>>28677500 Well, you can always "compare" two stuff, the nihonto has one edge, the arming sword two, guards are differents because blablabla, comparing two things is easy, determining what's better is not. But anyway... orange masterrace, sorry appleboos.
>>28677513 Why wouldn't they ? We have many accounts of them doing so, losing their lives in the process. Do you think nobles back in Europe never went in combat either ?
I mean, at least try to throw in some good jokes, otherwise it's just boring to read one uninformed person. You make it sound like it's "common knowledge", in fact all you say is "stupid knowledge", if you could call it something worth it. Having an opinion doesn't mean you can't spout complete nonsense.
>But how can you say that a martial art is actually useful when the only ones who adored it are the ones who never face any combat in their life?
Which isn't really true in all situations, is it? While it is true that after tokugawa shogunate we have a period of relative and long peace in japan and it's the thing you are talking about - the samurai are training swordmanship and romanticizing it themselves while not really testing their abilities in combat on daily basis - it's not that we don't have any swordmanship before that.
>No weapon is truly useless nor perfect. But we all know what weapon is most preferred during times of war. Sword is not one of them.
But it still plays an important role. Not only as a weapon of second/third (or even last) resort but as an embodient of the role of the warrior. Oldest swords are around 5300-5000 years old and while it is still speculated how important role they played in the beggining and if they were just ceremonial items at best, it is fact that once they appeared they existed and played their role for a long time.
You're not wrong anon, it is simply that your perspective is a bit warped.
>>28677534 >Why wouldn't they ? Because war is less about combat and more about economics, politics, and other paperworks. The purpose of the nobles is to take care of the paperworks and order soldiers around.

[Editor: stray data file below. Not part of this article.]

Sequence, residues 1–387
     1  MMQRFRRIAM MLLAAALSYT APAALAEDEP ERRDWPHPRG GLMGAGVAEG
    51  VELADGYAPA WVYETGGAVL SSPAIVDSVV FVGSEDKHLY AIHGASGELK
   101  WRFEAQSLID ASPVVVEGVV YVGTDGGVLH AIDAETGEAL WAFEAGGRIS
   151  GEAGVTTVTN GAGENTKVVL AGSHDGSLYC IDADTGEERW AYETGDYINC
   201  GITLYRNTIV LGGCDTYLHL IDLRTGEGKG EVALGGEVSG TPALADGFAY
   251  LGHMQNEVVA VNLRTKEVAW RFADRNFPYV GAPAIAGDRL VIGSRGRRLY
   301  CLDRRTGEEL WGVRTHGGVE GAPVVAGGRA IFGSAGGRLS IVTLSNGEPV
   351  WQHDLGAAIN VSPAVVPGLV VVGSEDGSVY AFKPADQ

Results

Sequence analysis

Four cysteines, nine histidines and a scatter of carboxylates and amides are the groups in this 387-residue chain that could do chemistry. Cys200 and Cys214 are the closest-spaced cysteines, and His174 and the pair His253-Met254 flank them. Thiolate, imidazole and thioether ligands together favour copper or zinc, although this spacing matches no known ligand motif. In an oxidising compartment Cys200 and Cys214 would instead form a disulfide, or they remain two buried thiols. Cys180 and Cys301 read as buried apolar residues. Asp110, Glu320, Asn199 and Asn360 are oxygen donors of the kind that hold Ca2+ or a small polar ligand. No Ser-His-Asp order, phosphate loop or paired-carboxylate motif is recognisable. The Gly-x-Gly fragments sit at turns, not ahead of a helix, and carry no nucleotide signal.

The nobles in both east and west does nothing in terms of combat and instead focuses their entire life commanding people behind.
Just find me records that your teachers was recognized by the common footsoldiers and be done with it.
Personally I would love to own one. I do not know hoever that much about them or their making process in the first place.
The handle is rather unique, I don't know of other style that is so similiar, but that may be only my lack of knowledge. I think that Sudanese Kaskaras are somehow their closest relatives, but they still are made in more "european" fashion. There are even known instances of Kaskaras made with original baldes acquired during crusades and later.
Here we have more traditional Kaskara - not the lack of single fuller but multiple grooves - the same thing we can see in the in Tuareg swords. Still - the handle is rather different and the blade is rather straght and even compared to Takouba. But.
>>28677582 Do you even have the basic gist of the how the political landscape works? This shit can be seen even in today's military. The highest ranking soldiers stay in the most fortified fortresses and just give out orders.
>>28677558 The nobles still participated in direct combat, just look at the hundred years war, nobles were taken prisoners and all precisely because they went into direct combat. And why, because they were the one with enough money to buy a substantial equipment. Not all nobles were fuck rich, many low-status nobles were common soldiers. You are warped in your idea that nobles weren't soldiers, it's completely silly, they were soldiers for centuries, in Europe and Japan.
You're just so wrong it's not even funny. Do you think that the norman nobles had no effect on combat during the crusades for instance ? That cavalry charges were nothing ?